Module and Programme Catalogue

Search site

Find information on

2008/09 Undergraduate Module Catalogue

ENGL3231 The Poetry of Wordsworth

20 creditsClass Size: 30

English

Module manager: Dr Ian Fairley
Email: i.a.fairley@leeds.ac.uk

Taught: Semester 2 (Jan to Jun) View Timetable

Year running 2008/09

Pre-requisite qualifications

Grade B at 'A' Level in English Language or Literature or equivalent or an achieved mark of 56 or above in a Level 1 module in English.

Please note: This module is restricted to Level 2 and 3 students.

This module is approved as an Elective

Module summary

This module will offer the opportunity to explore the imaginative power of Wordsworth's poetry in detail and in depth. Two works will be central to our studies: the Lyrical Ballads, first issued in 1798 and considered a catalyst in the `revolution' of Romantic poetry; and The Prelude, Wordsworth's autobiographical verse narrative of the 'growth of the poet's mind', completed in 1805 and published after his death as a form of poetic legacy and memorial. This writing will initiate thinking about the first-person and commemorative nature of many of Wordsworth's poems, and so will generate a wider inquiry into the interdependence of language, consciousness and experience in his verse. In attending to this philosophical aspect of Wordsworth's poetry, we shall seek to assess its place in the formation of a distinctively Romantic and modern aesthetic sensibility.

Objectives

This module will enable students to develop their appreciation of Wordsworth's poetry with special emphasis on work composed in the 1790s and in the following decade. Engagement with the poems will be informed by an awareness of the contexts of Wordsworth's verse, its generative concerns, and of recent critical discussion of his poetry. Students will be able to explore their understanding of Wordsworth's poetry in detail and in depth.

Learning outcomes
Students will have developed:
the ability to use written and oral communication effectively;
the capacity to analyse and critically examine diverse forms of discourse;
the ability to manage quantities of complex information in a structured and systematic way;
the capacity for independent thought and judgement;
critical reasoning;
research skills, including the retrieval of information, the organisation of material and the evaluation of its importance;
IT skills;
efficient time management and organisation skills;
the ability to learn independently.

Skills outcomes
Skills for effective communication, oral and written.
Capacity to analyse and critically examine diverse forms of discourse.
Ability to acquire quantities of complex information of diverse kinds in a structured and systematic way.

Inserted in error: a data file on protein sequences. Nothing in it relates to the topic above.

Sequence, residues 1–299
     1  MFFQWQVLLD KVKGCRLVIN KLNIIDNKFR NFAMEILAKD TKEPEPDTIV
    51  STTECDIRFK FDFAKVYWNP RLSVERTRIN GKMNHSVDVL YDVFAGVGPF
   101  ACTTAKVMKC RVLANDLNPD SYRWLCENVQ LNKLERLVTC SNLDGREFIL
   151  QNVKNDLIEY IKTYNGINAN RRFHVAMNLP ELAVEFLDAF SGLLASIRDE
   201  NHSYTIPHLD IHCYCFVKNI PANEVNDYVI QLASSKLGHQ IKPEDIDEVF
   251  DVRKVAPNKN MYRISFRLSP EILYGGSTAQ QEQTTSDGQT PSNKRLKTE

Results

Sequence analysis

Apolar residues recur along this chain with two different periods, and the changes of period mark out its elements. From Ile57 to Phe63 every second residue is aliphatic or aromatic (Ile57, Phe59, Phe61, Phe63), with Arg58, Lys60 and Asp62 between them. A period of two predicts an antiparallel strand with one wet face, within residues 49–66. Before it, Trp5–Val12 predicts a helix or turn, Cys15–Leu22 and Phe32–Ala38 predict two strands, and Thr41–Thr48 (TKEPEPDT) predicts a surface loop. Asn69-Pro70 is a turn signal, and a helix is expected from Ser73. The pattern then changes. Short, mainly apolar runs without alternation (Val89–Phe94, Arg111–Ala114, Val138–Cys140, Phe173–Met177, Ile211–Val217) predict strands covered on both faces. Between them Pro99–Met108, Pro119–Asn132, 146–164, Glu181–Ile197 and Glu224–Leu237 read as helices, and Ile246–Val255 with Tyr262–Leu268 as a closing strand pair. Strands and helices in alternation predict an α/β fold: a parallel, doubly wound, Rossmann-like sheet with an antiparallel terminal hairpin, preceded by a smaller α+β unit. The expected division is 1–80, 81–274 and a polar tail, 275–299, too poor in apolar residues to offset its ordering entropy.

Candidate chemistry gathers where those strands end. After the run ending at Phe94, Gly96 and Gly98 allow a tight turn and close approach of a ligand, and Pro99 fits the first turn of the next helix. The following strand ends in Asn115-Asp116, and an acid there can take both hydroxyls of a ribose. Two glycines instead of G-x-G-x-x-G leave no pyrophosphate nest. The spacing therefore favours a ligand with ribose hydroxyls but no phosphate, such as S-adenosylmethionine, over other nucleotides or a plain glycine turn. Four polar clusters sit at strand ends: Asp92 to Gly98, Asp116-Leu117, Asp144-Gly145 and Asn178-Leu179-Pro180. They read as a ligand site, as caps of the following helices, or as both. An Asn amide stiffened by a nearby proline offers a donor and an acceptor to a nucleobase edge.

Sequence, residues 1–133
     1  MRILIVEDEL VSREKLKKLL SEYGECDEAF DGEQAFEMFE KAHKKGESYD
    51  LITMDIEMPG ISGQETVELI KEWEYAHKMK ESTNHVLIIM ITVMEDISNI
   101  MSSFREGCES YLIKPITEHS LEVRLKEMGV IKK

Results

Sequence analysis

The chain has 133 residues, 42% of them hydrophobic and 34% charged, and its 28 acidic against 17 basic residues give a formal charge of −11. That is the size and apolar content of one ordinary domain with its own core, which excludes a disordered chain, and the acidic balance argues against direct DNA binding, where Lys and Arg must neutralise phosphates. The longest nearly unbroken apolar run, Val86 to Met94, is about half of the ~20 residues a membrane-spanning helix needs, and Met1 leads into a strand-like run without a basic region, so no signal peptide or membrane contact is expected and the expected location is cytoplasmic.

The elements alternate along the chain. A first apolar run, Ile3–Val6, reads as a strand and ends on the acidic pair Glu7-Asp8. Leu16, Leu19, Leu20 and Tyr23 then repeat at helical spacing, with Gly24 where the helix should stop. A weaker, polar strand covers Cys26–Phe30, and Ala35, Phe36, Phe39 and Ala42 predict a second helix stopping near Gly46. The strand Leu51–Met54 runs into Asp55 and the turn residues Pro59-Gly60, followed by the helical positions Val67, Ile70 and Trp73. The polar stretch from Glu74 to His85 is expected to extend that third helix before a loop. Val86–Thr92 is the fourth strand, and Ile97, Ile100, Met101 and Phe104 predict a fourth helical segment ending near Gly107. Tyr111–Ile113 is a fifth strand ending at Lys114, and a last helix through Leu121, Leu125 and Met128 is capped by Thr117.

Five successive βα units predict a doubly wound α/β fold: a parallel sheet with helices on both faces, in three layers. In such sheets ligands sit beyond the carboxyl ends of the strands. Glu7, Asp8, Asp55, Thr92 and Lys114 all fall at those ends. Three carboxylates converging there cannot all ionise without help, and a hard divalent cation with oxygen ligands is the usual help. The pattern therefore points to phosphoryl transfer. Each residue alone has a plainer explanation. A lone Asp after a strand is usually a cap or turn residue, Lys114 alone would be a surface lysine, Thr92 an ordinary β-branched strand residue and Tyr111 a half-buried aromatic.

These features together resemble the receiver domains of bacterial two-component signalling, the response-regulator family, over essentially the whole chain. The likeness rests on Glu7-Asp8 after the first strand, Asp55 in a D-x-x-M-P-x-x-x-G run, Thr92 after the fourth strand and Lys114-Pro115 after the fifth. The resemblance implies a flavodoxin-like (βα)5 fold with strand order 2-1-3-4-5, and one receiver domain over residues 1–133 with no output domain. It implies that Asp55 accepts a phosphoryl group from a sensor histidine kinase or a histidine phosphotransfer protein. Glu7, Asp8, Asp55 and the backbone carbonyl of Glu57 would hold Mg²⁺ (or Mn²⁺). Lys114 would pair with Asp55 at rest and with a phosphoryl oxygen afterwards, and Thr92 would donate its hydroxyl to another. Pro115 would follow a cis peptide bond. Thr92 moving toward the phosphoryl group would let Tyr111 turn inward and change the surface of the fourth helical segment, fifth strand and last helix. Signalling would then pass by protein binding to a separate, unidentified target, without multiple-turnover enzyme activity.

Capacity for independent thought and judgement.
Critical reasoning.
Research skills, including information retrieval skills, the organisation of material, and the evaluation of its importance.
IT skills.
Time management and organisational skills.
Independent learning.Skills for effective communication, oral and written.
Capacity to analyse and critically examine diverse forms of discourse.
Ability to acquire quantities of complex information of diverse kinds in a structured and systematic way.
Capacity for independent thought and judgement.
Critical reasoning.
Research skills, including information retrieval skills, the organisation of material, and the evaluation of its importance.
IT skills.
Time management and organisational skills.
Independent learning.


Syllabus

This module will make possible an intensive and extensive reading of the poetry of William Wordsworth (1770-1850) with special emphasis on poems composed in the 1790s and in the following decade, notably Lyrical Ballads and The Prelude. Seminars will explore this verse through close reading and reflection on the poetics formulated in a selection of Wordsworth's prose writings. We shall consider his work in certain of its social, political and philosophical contexts, taking account of Wordsworth as a poet of nation and region, and thinking about his part in the formation of Romantic and modern aesthetic sensibility. Our choice of texts will enable us to observe Wordsworth's continuous revision of his verse and to give textual revision its place within the visionary dimension of his poetry.

Teaching methods

Due to COVID-19, teaching and assessment activities are being kept under review - see module enrolment pages for information

Delivery typeNumberLength hoursStudent hours
Meetings51.005.00
Seminar101.0010.00
Private study hours185.00
Total Contact hours15.00
Total hours (100hr per 10 credits)200.00

Private study

Teaching will be through weekly seminars (10 x 1 hour) plus up to 5 additional hours (content to be determined by the module tutor). The 5 additional hours may include lectures, plenary sessions, film showings, or the return of unassessed/assessed essays.

Private Study: Seminar preparation, reading, essay writing

Opportunities for Formative Feedback

Contribution to seminars.

1st assessed essay (week 7)

Methods of assessment

Due to COVID-19, teaching and assessment activities are being kept under review - see module enrolment pages for information


Coursework
Assessment typeNotes% of formal assessment
Essay1700 words33.30
Essay2750 words66.70
Total percentage (Assessment Coursework)100.00

Normally resits will be assessed by the same methodology as the first attempt, unless otherwise stated

Reading list

The reading list is available from the Library website

Last updated: 24/04/2008

Disclaimer

Browse Other Catalogues

Errors, omissions, failed links etc should be notified to the Catalogue Team.PROD

© Copyright Leeds 2019